Tales from the Trailing Edge

Will It Run Windows?

Gregg Eshelman - 2001.10.23

One of the most common questions involved with old garage sale or thrift store PCs is "Will It Run Windows?"

The answer is yes, depending on what you're willing to use.

Windows 3.0

The first version of Windows that most people consider really usable is Windows 3.0. Released in 1990, it will even run on the original IBM 5150 PC if you fill one of the five expansion slots with a hardware EMS (Expanded Memory System*) card. Windows 3.0 requires a minimum one megabyte of real RAM and will do much better with a meg or two of EMS. The main problem with running Windows 3.0 on an 8088- or 8086-based PC is that it only runs in Real Mode without virtual memory, and there very few programs were written that ran in Real Mode.

Windows 3.0 will run on a 286 in Standard Mode. Standard Mode is much better than Real Mode because it supports XMS (eXpanded Memory System*) RAM. A 286-based PC will support up to 16 MB of total RAM. That's the base 640K plus the 384K used for various "housekeeping" for the hardware and EMS/XMS memory plus 15 MB more RAM. A 286 PC will support virtual memory with Windows, but it's not as efficient as a 386 due to a "feature" (bug) in all 286 CPU chips.*

Windows 3.0 will run on a 386 in 386 Enhanced Mode.* (Wow. Original name for it.) 386 Enhanced Mode allows Windows to make better use of memory and also allows more efficient usage of virtual memory plus the option to have a fixed size virtual memory file (swap file) on the hard drive which doesn't get fragmented. The drawback to a fixed size swap file is that it doesn't get deleted when you exit Windows to run DOS programs. You have to give up a sizable chunk of drive space permanently. Most programs for Windows 3.0 require a 386 at least, running in Enhanced Mode. If you really need to, Windows 3.0 can be forced into Real Mode on a 286 or Real or Standard Mode on a 386.

Windows 3.1

The next version was Windows 3.1, which was released in 1992 with almost as much media coverage as Windows 95. This version dropped Real Mode and thus won't run on anything less than a 286. Several of the shortcut key combinations were altered to better match those on the Macintosh. For example Paste was now Control+V instead of Shift+Insert. The user interface was spiffed up a bit, and icons were changed some too. Under the surface it had better hardware support and various general improvements. A fairly huge amount of software was written for Windows 3.1. Operating modes and memory support for 286 and 386 or 486 CPUs remained the same as Windows 3.0.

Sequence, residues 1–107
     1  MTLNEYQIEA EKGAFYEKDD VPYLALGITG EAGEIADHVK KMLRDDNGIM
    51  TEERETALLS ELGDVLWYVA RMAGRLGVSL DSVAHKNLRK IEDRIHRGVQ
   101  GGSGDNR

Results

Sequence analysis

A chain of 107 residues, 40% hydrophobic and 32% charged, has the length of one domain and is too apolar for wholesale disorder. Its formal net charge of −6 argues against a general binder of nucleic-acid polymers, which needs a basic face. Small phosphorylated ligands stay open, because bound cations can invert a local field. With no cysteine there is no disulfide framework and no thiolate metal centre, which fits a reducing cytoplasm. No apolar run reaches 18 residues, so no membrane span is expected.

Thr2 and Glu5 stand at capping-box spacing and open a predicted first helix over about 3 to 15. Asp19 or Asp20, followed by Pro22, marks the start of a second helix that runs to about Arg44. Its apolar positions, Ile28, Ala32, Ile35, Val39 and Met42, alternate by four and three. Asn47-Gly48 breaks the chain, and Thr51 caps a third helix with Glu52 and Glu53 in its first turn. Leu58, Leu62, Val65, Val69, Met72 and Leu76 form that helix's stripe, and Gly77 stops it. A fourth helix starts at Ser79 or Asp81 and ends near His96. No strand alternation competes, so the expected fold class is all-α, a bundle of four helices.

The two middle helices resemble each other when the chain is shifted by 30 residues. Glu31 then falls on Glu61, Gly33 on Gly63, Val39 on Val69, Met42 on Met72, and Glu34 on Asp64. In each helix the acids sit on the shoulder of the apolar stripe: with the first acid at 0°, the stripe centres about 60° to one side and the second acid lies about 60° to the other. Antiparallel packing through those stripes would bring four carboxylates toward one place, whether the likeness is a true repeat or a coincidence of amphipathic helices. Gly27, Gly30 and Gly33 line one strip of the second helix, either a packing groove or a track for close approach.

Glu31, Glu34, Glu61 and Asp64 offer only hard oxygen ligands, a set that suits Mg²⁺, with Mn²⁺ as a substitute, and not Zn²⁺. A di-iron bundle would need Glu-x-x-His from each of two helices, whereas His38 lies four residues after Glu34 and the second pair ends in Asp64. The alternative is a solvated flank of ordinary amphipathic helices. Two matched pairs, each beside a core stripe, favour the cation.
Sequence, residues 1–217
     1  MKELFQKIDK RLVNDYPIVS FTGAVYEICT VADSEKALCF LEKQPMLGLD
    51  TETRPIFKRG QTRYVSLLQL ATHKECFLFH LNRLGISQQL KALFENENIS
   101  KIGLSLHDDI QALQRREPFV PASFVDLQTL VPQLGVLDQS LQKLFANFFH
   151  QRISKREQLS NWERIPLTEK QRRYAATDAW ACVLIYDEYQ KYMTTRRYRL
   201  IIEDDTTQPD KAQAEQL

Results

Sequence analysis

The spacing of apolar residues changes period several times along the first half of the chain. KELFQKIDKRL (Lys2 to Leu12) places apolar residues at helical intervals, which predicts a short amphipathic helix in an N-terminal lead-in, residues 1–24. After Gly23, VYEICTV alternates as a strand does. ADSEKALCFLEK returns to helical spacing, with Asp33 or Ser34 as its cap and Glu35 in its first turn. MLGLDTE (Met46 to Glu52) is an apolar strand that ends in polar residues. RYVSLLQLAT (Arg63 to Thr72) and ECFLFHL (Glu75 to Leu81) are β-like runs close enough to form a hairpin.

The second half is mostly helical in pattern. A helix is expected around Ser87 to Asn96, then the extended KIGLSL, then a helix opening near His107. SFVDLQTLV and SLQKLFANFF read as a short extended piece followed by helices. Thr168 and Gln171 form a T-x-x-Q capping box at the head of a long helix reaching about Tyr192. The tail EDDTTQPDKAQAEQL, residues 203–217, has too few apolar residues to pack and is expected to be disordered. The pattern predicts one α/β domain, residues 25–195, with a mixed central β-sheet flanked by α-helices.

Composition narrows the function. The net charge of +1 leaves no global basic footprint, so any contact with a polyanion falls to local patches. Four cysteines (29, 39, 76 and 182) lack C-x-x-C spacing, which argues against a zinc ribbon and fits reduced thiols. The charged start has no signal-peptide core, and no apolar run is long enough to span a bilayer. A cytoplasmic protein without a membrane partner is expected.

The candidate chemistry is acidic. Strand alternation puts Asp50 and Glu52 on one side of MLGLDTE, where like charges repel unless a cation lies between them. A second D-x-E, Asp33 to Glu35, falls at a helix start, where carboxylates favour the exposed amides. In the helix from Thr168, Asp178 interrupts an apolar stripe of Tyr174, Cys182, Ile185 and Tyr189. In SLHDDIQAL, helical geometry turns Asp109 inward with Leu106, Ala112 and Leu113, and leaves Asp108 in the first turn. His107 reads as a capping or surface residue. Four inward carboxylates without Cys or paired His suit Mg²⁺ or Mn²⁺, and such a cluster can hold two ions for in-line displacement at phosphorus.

A rarely mentioned version is Windows 3.11, which runs on a 286 on up and is mostly the same as 3.1. The main difference is an early foray into 32-bit land on the 386 that really didn't do much to improve performance.

The next and final version before 95 was Windows for Workgroups 3.11. It dropped Standard Mode, so it only ran on a 386 or higher. With that you got the first useful taste of 32-bit stuff with 32-bit Disk and File Access that improved performance. WFWG 3.11 was the first Windows version to include networking support, but you still had to configure DOS drivers for the network adaptor for it to work.

A significant add-on for the Windows 3.1x series was Win32s. This added a Subset of the upcoming 32-bit Windows 95 commands so that programmers could begin the move to 32-bit software. Chances are that if a program says it run under Windows 3.1x or Windows 95, it uses Win32s on 3.1x. Win32s was given away free by Microsoft and usually included with any software that needed it. Win32s requires at least Windows 3.1 running on a 386.

Windows 95

Windows 95 will run on as low-end a PC as a 386SX with 4 MB of RAM, but you really, really, really don't want to try that. The bare minimum I'd recommend is a 486DX2/66 with 16 MB, and even then it's slow going.LEPC

* Things I'll probably get to in a future article that will be loaded with technical stuff about various types of memory and possibly a DOS 6.22 Upgrade "gotcha" if it doesn't get too long.LEPC

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